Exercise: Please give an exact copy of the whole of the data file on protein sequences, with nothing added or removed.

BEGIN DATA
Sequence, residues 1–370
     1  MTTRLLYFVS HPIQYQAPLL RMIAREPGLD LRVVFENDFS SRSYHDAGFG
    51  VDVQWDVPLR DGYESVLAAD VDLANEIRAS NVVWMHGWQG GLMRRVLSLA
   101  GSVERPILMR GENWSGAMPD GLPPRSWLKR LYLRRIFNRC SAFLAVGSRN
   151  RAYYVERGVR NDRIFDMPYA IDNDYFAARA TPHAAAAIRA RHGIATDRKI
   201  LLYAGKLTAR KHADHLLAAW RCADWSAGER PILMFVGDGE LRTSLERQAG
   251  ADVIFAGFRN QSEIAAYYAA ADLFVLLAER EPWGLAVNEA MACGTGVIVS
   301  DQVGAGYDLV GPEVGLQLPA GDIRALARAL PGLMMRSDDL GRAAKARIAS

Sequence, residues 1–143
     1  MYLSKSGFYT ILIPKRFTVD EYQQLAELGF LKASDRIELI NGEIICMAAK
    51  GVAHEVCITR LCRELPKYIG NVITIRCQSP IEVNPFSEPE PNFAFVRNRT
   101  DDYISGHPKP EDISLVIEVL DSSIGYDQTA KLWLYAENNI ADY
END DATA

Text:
Sequence, residues 1–370
     1  MTTRLLYFVS HPIQYQAPLL RMIAREPGLD LRVVFENDFS SRSYHDAGFG
    51  VDVQWDVPLR DGYESVLAAD VDLANEIRAS NVVWMHGWQG GLMRRVLSLA
   101  GSVERPILMR GENWSGAMPD GLPPRSWLKR LYLRRIFNRC SAFLAVGSRN
   151  RAYYVERGVR NDRIFDMPYA IDNDYFAARA TPHAAAAIRA RHGIATDRKI
   201  LLYAGKLTAR KHADHLLAAW RCADWSAGER PILMFVGDGE LRTSLERQAG
   251  ADVIFAGFRN QSEIAAYYAA ADLFVLLAER EPWGLAVNEA MACGTGVIVS
   301  DQVGAGYDLV GPEVGLQLPA GDIRALARAL PGLMMRSDDL GRAAKARIAS

Sequence, residues 1–143
     1  MYLSKSGFYT ILIPKRFTVD EYQQLAELGF LKASDRIELI NGEIICMAAK
    51  GVAHEVCITR LCRELPKYIG NVITIRCQSP IEVNPFSEPE PNFAFVRNRT
   101  DDYISGHPKP EDISLVIEVL DSSIGYDQTA KLWLYAENNI ADY